We plant a little garden each year so that we can have fresh vegetables on the table. It’s not a very big garden; just some green beans, a couple of tomato plants, a few carrots, onions, and peppers.

We plant a little garden each year so that we can have fresh vegetables on the table. It’s not a very big garden; just some green beans, a couple of tomato plants, a few carrots, onions and peppers.


Last year was not a good year for the garden at our house. Perhaps the soil has been used up. Perhaps the "weed preventer" we mixed into the soil prevented more than just weeds from growing. It’s not that we did not have any tomatoes or beans, we just did not have many.


As our garden grows vegetables, our land grows heroes, but for the past few decades our land has not been good soil for raising heroes. It’s not that we have not had any — think of the first responders on Sept. 11; our soldiers, sailors and marines; and come-out-of-nowhere heroes like Captains Sullenberger and Phillips.


The heroes are still there, but do we have as many?


Os Guinness, senior fellow of the Trinity Forum, thinks not, and he thinks he knows why. One reason, he writes in his book, "The Call," "is the modern habit of debunking." He suggests that Solzhenitsyn’s remark about Lenin — "mistrust was his worldview" — could be applied to most of us. We look "not for the golden aura, but for the feet of clay, not for the stirring example, but for the cynical motive." In such a world, "Heroism is. . . automatically suspect."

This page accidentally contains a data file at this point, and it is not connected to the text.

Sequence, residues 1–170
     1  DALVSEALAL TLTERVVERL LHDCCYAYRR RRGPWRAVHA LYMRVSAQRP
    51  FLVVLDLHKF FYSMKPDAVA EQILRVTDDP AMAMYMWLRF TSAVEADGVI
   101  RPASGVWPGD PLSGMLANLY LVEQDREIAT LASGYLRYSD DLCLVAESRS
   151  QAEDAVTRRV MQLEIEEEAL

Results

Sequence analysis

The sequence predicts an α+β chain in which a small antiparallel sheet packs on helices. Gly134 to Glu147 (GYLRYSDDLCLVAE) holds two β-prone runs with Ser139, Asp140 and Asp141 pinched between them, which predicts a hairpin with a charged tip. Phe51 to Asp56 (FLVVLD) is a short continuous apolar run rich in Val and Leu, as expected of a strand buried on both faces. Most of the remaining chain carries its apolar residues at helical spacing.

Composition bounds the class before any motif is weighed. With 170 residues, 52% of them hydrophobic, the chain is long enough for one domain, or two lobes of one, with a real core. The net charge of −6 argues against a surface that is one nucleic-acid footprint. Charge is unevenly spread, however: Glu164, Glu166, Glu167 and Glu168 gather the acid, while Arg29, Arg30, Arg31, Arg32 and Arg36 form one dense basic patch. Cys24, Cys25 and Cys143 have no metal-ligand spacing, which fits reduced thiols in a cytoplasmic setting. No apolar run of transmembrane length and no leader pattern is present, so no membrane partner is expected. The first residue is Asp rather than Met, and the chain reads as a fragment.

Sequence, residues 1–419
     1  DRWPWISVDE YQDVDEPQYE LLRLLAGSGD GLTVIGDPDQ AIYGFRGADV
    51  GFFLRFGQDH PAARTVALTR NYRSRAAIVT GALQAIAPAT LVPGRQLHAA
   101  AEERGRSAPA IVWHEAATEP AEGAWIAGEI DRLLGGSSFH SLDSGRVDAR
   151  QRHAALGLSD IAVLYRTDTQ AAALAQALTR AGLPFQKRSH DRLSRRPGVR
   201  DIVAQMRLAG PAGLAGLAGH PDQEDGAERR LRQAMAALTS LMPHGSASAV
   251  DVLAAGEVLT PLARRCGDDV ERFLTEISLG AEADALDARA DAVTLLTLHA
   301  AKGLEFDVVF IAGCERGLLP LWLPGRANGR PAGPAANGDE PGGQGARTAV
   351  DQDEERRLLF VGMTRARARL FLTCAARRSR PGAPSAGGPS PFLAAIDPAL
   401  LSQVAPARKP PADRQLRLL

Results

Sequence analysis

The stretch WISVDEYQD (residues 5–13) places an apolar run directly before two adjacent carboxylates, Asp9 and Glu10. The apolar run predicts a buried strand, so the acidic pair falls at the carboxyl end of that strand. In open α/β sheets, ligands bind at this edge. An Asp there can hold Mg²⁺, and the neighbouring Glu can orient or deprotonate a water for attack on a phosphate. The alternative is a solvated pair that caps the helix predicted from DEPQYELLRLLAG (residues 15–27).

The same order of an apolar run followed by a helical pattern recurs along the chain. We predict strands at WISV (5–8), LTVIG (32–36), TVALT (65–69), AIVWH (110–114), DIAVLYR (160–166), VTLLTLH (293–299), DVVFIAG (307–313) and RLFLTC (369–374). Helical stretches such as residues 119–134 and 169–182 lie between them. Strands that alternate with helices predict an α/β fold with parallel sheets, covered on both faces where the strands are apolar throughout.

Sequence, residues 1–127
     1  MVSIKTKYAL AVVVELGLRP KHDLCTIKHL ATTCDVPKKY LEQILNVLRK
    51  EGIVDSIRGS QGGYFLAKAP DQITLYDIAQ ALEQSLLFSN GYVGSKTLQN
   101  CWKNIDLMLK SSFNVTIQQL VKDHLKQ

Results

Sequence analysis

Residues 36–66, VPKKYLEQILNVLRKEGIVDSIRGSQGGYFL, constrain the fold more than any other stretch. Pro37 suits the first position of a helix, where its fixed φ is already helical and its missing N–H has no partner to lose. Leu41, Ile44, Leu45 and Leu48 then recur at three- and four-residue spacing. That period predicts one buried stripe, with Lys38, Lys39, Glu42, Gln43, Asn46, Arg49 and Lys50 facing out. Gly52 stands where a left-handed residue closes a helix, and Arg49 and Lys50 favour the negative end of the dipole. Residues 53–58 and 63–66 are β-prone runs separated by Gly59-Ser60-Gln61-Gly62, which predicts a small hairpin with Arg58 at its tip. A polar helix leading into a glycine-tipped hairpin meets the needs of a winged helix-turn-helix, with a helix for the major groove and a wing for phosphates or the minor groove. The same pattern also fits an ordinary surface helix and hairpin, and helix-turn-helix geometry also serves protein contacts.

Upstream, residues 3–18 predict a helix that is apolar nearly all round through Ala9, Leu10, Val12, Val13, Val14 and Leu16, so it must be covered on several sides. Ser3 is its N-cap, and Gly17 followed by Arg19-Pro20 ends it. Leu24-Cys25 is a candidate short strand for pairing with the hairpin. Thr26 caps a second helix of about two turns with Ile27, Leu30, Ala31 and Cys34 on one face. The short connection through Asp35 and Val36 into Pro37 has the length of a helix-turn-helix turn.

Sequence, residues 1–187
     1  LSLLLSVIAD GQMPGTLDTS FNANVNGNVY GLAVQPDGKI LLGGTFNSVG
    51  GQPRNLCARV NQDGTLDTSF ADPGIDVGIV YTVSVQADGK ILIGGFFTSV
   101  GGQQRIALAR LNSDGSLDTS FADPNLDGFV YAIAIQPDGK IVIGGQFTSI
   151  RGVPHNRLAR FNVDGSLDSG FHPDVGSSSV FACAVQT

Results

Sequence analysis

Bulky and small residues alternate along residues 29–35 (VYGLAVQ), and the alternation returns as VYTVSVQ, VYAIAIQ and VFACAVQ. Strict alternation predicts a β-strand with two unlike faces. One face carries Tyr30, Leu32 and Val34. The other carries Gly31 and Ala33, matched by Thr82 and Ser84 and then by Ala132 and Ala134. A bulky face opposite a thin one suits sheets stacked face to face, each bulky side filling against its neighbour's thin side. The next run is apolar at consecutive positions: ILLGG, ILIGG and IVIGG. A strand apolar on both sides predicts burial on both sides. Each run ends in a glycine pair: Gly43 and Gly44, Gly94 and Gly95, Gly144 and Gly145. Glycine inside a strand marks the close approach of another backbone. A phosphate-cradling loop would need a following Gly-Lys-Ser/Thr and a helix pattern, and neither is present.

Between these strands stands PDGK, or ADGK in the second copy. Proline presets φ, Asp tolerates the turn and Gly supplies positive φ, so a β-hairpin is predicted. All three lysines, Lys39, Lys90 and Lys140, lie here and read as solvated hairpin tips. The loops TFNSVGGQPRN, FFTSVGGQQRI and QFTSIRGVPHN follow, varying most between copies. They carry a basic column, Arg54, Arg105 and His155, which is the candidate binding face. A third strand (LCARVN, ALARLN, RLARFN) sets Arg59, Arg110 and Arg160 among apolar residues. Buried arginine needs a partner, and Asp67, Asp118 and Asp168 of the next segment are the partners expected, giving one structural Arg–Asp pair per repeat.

Another reason he gives has to do with the role of the press and the media. He argues that the press and the media have created and nurtured a celebrity culture that is deleterious to heroism. Today it is possible to be famous without being great. The long-established link between honor and renown has been disastrously severed.


"The media," according to Guinness, "offers a shortcut to fame — instantly fabricated famousness with no need for the sweat, cost, and dedication of true greatness." The result, he writes, "is not the hero but the celebrity, the person famously described as "well-known for being well-known."


Try asking your kids and your grandkids who their heroes are. My guess is that you have never heard of many of them. Their faces are not on currency or postage stamps or in the Encyclopedia Britannica, but on Google Entertainment news and CD covers.


John Wayne and Kirk Douglas used to play heroes, but today’s movie stars are heroes — or the closest thing that a large portion of society will ever have.


Perhaps there is something mixed into the groundwork of our society that has prevented heroes from growing, while allowing celebrities to spring up like weeds.


It seems to me that in the past, more people believed that they were part of a larger story, and therefore had a role to play. And since many believed it was God’s story, their role took on added significance. This narrative of purpose served as a framework for occasions of heroism.


Things have changed. The larger story has been severely abridged and is now, for many people, merely "my story." It is hardly fertile soil for heroes. In this setting, people long for Andy Warhols’ 15 minutes of fame, but they do not aspire to a life of sacrifice and service.


There is, however, a conspicuous exception. It may be that, if you want to find a hero, you need look no further than the next room. Many mothers still aspire to the life of sacrifice and service. They may not be renowned but, heaven knows, they do have honor.


Many mothers work a full-time job outside the home and a second full-time job within. They are not, generally, looking for celebrity (the "octo-mom" is, thankfully, an exception); they are looking to raise happy, healthy, loving children. They know that they are part of a bigger story, and they are willing to sacrifice to play the role well. And the word for that is … hero.


The Daily Reporter